“Externalism for Doxastic Agents?”
There is a tension between externalism and a central obligation of doxastic agency—the obligation to be involved in deliberately shaping one’s beliefs in light of one’s best judgments about what the reasons support. I consider the familiar case of Norman, the reliable clairvoyant, and argue that Norman’s case reveals a deliberative problem for externalism that arises from within a person’s first-person point of view. Externalism leaves open the possibility that sometimes the only way to aim at knowledge is to reject the aim of having reasonable belief, and a common distinction between various epistemological aims or concerns does not dissipate this tension. I then show that despite the fact that the tension arises from within a person’s deliberations, it cannot be settled by deliberation. Rather, it is a higher-order worry about whether pursuing knowledge can direct a person qua doxastic agent to eschew her own doxastic agency. As a result, externalists need to recognize that the onus is on them to defend the significance of doxastic agency within an externalist theory of knowledge.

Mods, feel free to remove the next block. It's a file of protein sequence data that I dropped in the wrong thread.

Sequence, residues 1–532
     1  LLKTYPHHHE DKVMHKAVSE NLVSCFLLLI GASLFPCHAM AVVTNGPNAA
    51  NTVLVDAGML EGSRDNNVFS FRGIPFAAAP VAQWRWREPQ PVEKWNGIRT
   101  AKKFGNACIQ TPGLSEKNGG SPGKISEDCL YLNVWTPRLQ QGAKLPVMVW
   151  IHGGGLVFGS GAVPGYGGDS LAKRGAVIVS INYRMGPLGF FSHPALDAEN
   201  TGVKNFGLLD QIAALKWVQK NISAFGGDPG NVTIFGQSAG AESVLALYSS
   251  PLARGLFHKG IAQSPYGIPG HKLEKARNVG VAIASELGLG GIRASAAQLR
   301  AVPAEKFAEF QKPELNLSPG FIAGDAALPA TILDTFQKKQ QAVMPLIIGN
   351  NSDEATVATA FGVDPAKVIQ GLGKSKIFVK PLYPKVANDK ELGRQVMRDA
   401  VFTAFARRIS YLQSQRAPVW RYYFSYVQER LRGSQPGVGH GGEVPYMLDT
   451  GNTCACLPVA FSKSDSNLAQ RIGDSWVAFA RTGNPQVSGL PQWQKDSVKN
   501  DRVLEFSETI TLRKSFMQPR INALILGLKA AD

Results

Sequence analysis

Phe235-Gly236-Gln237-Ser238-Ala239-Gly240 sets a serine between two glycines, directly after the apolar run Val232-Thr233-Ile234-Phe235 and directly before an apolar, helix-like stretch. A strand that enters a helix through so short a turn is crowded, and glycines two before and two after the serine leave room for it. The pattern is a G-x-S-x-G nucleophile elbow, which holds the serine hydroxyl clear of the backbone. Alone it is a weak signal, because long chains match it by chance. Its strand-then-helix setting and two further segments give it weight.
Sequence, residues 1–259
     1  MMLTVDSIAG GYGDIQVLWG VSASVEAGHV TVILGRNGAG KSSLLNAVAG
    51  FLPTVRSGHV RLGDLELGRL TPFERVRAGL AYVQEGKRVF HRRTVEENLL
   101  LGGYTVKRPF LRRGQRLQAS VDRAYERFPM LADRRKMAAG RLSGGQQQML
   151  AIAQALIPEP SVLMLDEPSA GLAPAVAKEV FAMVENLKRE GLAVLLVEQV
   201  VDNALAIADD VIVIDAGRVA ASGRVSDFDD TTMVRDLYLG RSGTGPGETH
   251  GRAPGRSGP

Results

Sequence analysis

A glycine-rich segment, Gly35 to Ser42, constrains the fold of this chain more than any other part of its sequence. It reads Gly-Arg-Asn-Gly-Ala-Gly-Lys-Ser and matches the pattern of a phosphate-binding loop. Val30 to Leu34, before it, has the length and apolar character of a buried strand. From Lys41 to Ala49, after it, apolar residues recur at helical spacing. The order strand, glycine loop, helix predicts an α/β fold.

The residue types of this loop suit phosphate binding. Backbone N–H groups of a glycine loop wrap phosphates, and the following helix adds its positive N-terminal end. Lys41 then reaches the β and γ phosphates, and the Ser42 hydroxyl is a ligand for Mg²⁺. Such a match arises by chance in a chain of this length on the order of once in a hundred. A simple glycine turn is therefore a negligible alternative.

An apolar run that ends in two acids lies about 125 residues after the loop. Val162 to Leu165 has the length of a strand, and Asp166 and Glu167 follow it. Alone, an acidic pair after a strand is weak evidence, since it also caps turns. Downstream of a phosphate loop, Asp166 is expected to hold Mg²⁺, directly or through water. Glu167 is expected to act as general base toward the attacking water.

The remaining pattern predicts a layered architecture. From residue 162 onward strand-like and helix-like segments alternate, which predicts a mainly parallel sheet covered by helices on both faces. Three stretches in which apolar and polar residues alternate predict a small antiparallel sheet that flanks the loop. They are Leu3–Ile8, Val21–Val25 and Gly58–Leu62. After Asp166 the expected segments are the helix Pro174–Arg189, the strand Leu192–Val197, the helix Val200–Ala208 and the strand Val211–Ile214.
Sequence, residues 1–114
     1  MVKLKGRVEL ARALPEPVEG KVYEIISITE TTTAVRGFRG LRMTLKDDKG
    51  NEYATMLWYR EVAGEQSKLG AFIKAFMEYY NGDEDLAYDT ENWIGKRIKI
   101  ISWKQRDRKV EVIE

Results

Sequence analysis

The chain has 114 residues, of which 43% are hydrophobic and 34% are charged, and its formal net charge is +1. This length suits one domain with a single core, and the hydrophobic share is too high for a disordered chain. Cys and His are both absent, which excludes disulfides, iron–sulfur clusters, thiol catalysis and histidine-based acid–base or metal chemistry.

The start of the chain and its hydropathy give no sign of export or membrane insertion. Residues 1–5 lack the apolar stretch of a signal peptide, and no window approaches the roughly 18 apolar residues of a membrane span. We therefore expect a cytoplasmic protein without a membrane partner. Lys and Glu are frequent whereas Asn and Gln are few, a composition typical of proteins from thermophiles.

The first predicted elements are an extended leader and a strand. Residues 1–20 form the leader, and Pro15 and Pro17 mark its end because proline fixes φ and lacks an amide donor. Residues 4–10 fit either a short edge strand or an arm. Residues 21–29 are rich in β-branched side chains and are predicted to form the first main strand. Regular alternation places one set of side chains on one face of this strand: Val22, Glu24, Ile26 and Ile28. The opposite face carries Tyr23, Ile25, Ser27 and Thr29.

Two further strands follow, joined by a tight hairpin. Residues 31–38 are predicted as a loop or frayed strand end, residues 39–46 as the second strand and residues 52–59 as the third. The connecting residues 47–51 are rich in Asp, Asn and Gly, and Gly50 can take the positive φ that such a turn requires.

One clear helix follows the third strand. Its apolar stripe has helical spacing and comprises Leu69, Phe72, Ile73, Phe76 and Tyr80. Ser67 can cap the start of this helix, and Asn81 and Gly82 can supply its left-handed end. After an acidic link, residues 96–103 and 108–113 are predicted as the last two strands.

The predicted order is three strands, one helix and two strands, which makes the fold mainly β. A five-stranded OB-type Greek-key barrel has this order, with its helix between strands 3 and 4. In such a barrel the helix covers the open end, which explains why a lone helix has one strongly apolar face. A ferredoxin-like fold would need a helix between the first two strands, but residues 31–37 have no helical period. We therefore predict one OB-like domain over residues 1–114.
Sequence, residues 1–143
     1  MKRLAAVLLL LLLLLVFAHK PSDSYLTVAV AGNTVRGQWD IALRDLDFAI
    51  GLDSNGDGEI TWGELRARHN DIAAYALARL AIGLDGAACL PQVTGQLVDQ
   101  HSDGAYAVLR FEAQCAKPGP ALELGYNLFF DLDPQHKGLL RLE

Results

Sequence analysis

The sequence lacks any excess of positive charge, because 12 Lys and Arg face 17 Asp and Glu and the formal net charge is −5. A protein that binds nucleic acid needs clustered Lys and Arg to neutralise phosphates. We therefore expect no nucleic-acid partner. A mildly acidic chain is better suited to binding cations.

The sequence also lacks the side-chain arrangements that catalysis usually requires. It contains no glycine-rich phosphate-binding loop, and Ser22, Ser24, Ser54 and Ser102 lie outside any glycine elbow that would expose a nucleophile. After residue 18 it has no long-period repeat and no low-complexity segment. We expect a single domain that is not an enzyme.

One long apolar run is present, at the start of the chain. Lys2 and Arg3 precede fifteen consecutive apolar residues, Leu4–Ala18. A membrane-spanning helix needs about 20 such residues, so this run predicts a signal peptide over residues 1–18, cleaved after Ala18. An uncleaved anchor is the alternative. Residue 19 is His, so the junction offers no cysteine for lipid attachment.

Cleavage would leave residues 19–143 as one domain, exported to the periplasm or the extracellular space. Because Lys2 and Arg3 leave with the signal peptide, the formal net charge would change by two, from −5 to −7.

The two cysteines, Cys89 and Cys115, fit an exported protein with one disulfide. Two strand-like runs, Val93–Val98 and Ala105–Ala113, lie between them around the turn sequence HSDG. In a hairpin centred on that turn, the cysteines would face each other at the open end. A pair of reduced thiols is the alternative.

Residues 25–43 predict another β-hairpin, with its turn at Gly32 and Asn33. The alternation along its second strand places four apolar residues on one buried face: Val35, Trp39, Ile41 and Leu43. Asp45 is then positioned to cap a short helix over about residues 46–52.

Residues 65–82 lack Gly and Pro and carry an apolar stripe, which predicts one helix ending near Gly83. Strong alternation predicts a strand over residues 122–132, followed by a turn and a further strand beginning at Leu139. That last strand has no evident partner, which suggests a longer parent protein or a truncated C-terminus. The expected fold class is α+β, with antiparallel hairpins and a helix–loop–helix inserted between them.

“The Perspective of Rational Deliberation”
Many philosophers take there to be something epistemologically significant about having a view of the reasonableness of one’s own beliefs. But under what conditions does a person count as having such a perspective? I argue here that there is a special circumstance in which a person who engages in an entirely first-order rational deliberation (involving no self-regarding thoughts) and draws a first-order conclusion has a second-order perspective on the reasonableness of her own beliefs. In doing so, I defend two claims: first, when a person believes that p as the result of her first-order rational deliberation, she undertakes a second-order commitment to taking herself to have good reasons for believing that p. Second, when a person believes that p as the result of her first-order rational deliberation, she will also have a second-order view that she has good reasons for believing what she does.